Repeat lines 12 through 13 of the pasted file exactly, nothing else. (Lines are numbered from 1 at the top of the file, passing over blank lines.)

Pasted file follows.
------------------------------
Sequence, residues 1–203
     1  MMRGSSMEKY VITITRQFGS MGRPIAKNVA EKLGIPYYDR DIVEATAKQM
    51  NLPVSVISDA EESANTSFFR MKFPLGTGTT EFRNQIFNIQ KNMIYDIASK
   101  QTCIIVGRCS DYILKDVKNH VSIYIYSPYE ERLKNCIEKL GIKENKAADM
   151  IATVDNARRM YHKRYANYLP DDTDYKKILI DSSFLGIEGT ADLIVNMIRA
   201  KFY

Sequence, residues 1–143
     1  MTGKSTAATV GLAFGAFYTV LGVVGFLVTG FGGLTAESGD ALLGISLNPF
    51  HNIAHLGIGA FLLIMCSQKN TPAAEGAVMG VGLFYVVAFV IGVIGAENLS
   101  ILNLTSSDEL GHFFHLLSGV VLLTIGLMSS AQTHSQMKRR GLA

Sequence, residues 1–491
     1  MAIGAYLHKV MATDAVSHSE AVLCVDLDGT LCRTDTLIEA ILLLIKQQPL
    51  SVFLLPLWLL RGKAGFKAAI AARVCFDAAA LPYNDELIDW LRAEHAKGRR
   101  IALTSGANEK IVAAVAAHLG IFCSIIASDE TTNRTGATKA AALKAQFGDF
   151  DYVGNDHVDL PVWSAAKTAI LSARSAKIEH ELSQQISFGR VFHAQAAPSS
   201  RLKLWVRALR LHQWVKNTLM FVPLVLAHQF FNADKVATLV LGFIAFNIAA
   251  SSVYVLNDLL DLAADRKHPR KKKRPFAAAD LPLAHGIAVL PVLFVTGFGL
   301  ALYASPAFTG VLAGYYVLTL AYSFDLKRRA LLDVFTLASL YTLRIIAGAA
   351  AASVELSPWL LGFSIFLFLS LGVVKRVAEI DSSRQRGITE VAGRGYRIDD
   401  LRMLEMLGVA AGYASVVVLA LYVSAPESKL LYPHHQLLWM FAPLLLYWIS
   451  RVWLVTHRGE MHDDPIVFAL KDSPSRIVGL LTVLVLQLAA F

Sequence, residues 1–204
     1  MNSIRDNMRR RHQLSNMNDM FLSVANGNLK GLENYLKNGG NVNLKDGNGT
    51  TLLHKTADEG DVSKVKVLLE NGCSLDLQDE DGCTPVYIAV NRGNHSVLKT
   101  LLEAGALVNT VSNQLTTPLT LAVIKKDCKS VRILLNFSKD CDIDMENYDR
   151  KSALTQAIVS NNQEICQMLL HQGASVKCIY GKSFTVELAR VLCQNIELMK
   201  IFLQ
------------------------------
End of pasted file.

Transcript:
     1  MAIGAYLHKV MATDAVSHSE AVLCVDLDGT LCRTDTLIEA ILLLIKQQPL
    51  SVFLLPLWLL RGKAGFKAAI AARVCFDAAA LPYNDELIDW LRAEHAKGRR